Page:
Is it true rabbits have double front teeth?

I’ve just heard that from a guy who is sketchy about the details. Maybe one behind the other? Like people with “over crowding” in their jaws, only more regular?

He wouldn’t be thinking of some other animal? Woodchuck or beaver?

No Rabbits do not have two sets of front teath.

There is an interesting condition called “wolf teeth” however. Thats when the teeth do not quit growing and curl. This usually means death for the bunny.The only way for it not to, they starve, is sheer chance and a pair of side cutters.
The condition is hereditary so any commertial rabbit with the condition is put down.Any pet with the problem should not be allowed to breed.

They do not have two sets of front teeth either.

GN Dude,

My rabbits teeth are lined up just like humans are, with no teeth behind any others. I think you friend might be mixed up a little.

Rabbits teeth are different in that the front teeth are always growing. If a pet rabbit does not get a chance to gnaw a little wood (like treebark or more likely his cage) the teeth can grow long enough to inhibit eating. They can also grow into the gums or through the bunny’s lip area and cause big problems. Most rabbits will take care of this by gnawing. A vet can trim them if a bunny has excessively long teeth.

Years ago a buddy of mine, a Fish & Wildlife graduate, told me that continuously growing teeth are a defining characteristic of all rodents, e.g., rabbits, beaver, rats, mice, porcupines, etc.


I don’t know of any other animal,except sharks, that have double sets of teeth.
I know beaver don’t and I’ll let scylla answer for groundhogs:)

Erm, I need to correct myself here. I just went to the House Rabbit society’s website where I learned that rabbits, in fact, do have two sets of front, upper teeth.

On this page in the second paragraph of #2 it says that they do have these second teeth, but that they are much smaller and cannot be seen as easily as the others.

Well, I’ll be…

Three Bunny Mama
I’ve been around rabbits for years and I didn’t know that.
Nice site though. Maybe some of the 4Hers I am supposed to lead can use that info. We don’t have house rabbits but a bunch of the kids do.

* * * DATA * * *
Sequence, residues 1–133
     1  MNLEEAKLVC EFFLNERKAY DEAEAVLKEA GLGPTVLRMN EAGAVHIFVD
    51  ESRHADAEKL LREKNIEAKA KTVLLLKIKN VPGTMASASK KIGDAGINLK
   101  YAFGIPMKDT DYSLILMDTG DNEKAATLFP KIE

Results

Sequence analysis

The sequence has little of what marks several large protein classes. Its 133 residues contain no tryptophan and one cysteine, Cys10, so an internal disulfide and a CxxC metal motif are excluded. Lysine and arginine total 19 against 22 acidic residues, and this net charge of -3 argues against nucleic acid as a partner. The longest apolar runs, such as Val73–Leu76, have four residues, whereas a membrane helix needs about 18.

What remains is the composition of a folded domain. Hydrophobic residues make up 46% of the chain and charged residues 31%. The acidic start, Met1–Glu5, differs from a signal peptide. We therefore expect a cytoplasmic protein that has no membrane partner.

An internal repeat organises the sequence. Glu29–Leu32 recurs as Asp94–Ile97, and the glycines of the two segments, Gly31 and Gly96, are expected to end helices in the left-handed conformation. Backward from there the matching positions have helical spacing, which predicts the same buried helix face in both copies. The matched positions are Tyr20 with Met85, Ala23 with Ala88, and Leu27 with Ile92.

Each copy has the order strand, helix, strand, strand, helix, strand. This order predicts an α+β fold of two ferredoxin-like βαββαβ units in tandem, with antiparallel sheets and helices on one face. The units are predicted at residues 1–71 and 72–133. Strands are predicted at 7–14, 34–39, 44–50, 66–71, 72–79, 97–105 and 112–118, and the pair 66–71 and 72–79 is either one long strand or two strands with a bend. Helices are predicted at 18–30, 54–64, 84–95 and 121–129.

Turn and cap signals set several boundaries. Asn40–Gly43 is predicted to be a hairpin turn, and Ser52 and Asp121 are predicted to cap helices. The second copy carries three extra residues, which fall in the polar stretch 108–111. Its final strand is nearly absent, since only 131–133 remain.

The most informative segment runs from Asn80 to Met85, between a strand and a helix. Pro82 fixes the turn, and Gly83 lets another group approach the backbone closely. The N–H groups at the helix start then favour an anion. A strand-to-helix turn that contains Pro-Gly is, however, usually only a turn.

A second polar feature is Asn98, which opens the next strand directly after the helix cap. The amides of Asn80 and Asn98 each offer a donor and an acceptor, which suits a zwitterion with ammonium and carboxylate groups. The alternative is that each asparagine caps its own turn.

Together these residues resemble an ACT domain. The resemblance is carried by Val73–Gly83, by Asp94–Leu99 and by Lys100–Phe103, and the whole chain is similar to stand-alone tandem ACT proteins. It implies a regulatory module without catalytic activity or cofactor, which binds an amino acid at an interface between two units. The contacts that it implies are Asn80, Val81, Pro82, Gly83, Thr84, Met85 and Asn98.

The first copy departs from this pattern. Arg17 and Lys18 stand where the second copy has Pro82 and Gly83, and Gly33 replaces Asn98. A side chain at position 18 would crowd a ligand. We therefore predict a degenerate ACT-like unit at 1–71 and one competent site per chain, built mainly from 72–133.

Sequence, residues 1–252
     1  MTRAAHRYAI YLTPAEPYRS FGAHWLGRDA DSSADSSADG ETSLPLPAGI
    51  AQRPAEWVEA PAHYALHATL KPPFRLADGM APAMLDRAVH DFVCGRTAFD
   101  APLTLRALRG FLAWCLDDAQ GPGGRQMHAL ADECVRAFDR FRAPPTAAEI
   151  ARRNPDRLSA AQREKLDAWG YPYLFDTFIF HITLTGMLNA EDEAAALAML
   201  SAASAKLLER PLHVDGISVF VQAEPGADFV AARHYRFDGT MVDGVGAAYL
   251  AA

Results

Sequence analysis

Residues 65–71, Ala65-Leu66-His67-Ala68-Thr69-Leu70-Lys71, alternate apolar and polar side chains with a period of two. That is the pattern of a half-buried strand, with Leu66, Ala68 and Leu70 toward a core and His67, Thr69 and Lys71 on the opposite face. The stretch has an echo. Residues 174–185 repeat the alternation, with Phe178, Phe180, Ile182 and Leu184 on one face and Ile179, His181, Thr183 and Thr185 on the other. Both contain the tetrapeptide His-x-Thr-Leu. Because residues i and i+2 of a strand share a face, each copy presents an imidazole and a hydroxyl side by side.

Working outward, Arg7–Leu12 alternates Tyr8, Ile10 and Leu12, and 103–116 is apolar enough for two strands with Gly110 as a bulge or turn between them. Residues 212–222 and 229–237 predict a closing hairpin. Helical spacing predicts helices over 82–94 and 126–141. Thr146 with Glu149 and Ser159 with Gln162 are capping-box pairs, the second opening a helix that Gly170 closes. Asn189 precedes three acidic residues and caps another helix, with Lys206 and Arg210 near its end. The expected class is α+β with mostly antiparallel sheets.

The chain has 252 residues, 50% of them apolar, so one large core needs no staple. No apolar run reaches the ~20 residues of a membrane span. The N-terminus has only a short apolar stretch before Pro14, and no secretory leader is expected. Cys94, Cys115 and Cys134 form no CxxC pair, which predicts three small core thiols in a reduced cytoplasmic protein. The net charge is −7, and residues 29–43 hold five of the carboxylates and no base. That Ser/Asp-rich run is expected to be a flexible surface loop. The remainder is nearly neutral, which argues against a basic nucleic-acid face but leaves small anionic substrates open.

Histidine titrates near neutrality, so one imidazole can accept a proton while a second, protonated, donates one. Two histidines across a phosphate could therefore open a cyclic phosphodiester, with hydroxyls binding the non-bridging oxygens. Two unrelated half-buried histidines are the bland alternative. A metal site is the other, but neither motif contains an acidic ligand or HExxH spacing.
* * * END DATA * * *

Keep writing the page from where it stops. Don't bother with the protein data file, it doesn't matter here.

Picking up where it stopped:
from Is it a Hare or a Rabbit?

And for those who always wondered:

When I saw this thread topic, all I could hear was Gold Leader saying, “Switch deflectors to double front!”

rabbits are not rodents, they are lagomorphs

three bunny, do you really have 3 house rabbits?

Lost - Yes, I have three spoiled rotten bunnies. They were houserabbits, but they decided they didn’t like our choice in new carpet and have since made it their sole purpose in life to uncover the wood floors again. So they are now yardbuns.

When I got my first buck, I tried to learn all I could about them. I read everything I could about rabbits, found out about the H.S.R., etc. I’m still learning, though. I’m ashamed that I hadn’t learned about the extra teeth thing yet…

I’ll have to make a carrot sacrifice to El-ahrairah…

Heh… carrot sacrifices :slight_smile:

I have 3 also, and am planning my new house/cabin that will have no chewable carpet. I take back what I said about them not being rodents :wink:
They’re so cute when they’re not chewing the house to shreds.

When I saw the thread, I was reminded of my comparative vertebrate anatomy class. Rabbits were “removed” from the rodent order (it is order isn’t it?) some years ago when someone finally looked at their teeth and noticed they were more like horses and elephants than rodents. I think rodents have one set of incisors while horses have two. Since rabbits have two sets (not counting those strange ones behind) they are thought to be more closely related to horses…hence the new order lagomorph.

I can confirm that rabbits do in fact have two pairs of upper front incisors. The second set is tiny and located behind the main pair. I have seen them in skulls. It is one of several ways in which they differ from true rodents.

Rabbits are not particualarly closely related to either horses or elephants, it’s just that they are not that closely related to rodents either.